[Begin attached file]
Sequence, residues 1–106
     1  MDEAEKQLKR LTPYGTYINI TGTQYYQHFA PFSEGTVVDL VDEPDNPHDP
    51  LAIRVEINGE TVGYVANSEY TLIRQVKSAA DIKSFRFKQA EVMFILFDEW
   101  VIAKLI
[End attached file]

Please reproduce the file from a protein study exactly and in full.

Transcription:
Sequence, residues 1–106
     1  MDEAEKQLKR LTPYGTYINI TGTQYYQHFA PFSEGTVVDL VDEPDNPHDP
    51  LAIRVEINGE TVGYVANSEY TLIRQVKSAA DIKSFRFKQA EVMFILFDEW
   101  VIAKLI